That lie was recently addressed, dare I say destroyed, in an interview given by Diana Butler Bass. Bass is a church historian and theologian and an independent scholar who writes broadly on American religion and culture.0
She started this interview by noting the Southern Baptist Convention, clearly a conservative group, has lost more than one million members in the last decade, the last ten years. And, if you stretch back for five or six years before that, the losses would be well the million, nearly trwo.
So, what’s happening? Yes, many of these churches are located in areas losing population also. But there is a second reason which Bass addressed.
This is a quote: “Cultural circumstances— cultural circumstances— surrounding religious life and religious choice are far more important than any theology…. The issue is not whether you’re a liberal or a conservative…. That is irrelevant.”
Southern Baptists are culturally, she noted, now going through what liberal churches went through about 30 or 40 years ago. In the mid-20th century mainline Protestants had grown cozy with cultural power and the status quo. Being comfortable with the status quo undermined their ability to have or to offer a prophetic vision for the world. The inability to have or to offer a prophetic vision undermined their ability to be anything other than the church of just getting along.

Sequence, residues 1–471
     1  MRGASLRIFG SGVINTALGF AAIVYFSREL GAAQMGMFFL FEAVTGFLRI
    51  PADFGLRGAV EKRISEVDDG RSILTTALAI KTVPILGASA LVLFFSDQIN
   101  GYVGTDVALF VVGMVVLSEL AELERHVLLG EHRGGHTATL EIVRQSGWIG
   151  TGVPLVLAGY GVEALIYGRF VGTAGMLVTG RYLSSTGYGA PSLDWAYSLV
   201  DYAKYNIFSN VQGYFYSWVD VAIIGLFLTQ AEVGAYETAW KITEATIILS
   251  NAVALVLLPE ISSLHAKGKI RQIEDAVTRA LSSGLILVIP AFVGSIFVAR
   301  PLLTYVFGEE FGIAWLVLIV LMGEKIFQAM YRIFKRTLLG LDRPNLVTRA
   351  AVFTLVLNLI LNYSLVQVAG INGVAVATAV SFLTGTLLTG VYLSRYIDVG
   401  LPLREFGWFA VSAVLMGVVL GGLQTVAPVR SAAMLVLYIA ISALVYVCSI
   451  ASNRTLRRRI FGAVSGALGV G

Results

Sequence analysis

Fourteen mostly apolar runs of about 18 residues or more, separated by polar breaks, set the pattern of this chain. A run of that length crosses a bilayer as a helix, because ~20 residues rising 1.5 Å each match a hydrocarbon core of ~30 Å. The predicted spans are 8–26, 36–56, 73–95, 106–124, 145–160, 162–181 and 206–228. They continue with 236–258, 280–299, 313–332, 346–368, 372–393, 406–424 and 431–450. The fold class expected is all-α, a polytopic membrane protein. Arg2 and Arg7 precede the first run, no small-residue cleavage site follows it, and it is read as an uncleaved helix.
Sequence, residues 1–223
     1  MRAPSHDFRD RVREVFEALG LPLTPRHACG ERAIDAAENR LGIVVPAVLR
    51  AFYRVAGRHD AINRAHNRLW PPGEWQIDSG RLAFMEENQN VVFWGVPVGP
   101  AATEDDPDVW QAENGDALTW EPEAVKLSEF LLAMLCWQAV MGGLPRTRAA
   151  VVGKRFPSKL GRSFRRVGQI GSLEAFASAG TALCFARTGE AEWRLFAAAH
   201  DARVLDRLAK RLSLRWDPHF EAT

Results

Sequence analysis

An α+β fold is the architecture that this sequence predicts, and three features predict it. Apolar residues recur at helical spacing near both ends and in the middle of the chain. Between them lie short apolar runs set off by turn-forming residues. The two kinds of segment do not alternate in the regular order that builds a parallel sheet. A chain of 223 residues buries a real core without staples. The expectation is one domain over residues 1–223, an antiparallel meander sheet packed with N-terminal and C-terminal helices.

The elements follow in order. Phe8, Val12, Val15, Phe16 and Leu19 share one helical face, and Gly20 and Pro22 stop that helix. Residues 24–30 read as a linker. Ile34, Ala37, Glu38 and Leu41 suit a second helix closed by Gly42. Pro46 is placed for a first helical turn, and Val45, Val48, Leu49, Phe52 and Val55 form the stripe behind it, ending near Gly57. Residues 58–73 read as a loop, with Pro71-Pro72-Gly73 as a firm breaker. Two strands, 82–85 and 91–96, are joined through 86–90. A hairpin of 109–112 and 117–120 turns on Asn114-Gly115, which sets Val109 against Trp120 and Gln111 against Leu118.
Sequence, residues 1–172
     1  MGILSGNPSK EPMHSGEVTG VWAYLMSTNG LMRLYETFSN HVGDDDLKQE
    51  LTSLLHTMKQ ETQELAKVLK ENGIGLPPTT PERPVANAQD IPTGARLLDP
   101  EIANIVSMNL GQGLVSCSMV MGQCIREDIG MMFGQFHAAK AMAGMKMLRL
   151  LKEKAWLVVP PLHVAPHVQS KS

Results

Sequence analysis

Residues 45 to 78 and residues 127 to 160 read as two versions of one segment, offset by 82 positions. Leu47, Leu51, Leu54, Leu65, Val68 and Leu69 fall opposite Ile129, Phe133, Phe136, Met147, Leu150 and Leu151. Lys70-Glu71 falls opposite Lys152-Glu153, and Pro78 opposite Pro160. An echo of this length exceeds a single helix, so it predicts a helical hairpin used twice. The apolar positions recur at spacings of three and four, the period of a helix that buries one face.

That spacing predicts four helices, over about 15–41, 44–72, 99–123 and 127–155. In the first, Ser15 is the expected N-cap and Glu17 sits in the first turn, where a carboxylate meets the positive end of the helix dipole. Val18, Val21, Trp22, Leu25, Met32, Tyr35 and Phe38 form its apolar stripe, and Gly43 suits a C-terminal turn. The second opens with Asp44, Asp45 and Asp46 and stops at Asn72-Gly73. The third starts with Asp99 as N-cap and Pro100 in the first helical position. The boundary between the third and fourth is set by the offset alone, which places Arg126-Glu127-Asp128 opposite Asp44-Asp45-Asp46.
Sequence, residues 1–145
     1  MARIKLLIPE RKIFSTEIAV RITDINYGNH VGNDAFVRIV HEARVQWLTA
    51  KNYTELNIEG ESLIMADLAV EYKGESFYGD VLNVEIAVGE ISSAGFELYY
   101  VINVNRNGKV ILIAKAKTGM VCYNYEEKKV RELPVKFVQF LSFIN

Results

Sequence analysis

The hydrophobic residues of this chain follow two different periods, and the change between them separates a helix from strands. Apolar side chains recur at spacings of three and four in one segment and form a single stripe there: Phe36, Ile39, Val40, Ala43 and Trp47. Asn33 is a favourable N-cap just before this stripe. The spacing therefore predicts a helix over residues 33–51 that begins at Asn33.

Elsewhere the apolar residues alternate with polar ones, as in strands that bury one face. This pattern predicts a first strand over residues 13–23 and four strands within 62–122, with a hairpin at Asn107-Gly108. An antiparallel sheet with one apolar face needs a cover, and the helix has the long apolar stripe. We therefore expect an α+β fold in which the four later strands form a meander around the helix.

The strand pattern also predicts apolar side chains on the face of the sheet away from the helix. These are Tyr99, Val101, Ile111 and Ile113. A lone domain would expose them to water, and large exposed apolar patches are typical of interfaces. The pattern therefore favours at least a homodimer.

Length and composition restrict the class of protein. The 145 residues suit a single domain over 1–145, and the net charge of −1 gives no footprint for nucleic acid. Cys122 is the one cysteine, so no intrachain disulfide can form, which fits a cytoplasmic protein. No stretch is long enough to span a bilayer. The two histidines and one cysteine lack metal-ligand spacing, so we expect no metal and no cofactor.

So, culturally, conservative churches filled that void. But then they also got comfortable with their own brand of cultural power. Now they are being confronted by issues concerning race, concerning gender and gender identity, and other issues concerning justice.
Bass continued (quote:), “Evangelicals have been completely unable to address these in any meaningful way. The leaders of evangelical churches have continued their alliance with the powers that be, the status quo, and their children are saying, ‘We don’t buy it.’”
“Not only is the younger generation walking away. The younger generation says, ‘We will not be the church of the status quo. We do not want to be the church of Caesar.’” (Slight pause.)
We find these words in the work known as Matthew: “But the truth is whoever gives even a cup of cold water to one of these lowly ones just for being a disciple will not lack a reward.” (Slight pause.)
The message we hear in this brief passage indicates a revitalization of family relations is possible but it goes beyond that. These words say the establishment of a new family is also possible, a new family bound together by a common commitment to do the will of God. However, the new family does not automatically emerge to replace the support of the old family ties.
The new family must be born, be refreshed, renewed. And that new family must be born, be refreshed, renewed in the context of mission. Community is out there, beyond the current community, in the context of mission. This community needs to be welcomed, in the context of mission.
Put another way, this community, in fact, needs to receive a cup of cold water. And the old community and new community alike, can be bonded together with the divine presence in the context of mission. (Slight pause.)